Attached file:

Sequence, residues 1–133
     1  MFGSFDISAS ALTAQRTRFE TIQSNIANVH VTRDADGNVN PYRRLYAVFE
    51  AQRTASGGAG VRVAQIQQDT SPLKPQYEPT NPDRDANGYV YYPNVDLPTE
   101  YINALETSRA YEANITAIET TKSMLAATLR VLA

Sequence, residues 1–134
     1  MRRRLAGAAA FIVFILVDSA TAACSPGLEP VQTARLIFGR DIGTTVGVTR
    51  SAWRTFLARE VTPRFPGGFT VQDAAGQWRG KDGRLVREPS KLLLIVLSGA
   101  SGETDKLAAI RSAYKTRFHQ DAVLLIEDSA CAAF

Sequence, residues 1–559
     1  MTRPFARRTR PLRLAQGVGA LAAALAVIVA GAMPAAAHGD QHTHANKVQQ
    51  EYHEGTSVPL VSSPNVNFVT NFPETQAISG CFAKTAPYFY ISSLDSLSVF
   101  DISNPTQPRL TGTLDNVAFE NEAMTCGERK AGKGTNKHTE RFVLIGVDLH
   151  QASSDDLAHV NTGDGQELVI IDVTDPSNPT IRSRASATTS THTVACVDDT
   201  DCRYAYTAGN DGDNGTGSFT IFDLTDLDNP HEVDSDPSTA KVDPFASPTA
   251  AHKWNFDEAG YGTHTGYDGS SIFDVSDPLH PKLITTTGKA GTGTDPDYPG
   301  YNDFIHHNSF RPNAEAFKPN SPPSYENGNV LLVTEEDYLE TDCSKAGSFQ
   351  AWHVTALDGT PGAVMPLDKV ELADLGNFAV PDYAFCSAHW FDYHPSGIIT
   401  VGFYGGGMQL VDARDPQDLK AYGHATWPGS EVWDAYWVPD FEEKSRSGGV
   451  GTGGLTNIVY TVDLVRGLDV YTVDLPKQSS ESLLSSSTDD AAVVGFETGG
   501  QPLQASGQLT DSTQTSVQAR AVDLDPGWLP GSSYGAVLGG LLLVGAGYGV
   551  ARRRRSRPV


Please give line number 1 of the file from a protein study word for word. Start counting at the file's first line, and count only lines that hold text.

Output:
Sequence, residues 1–133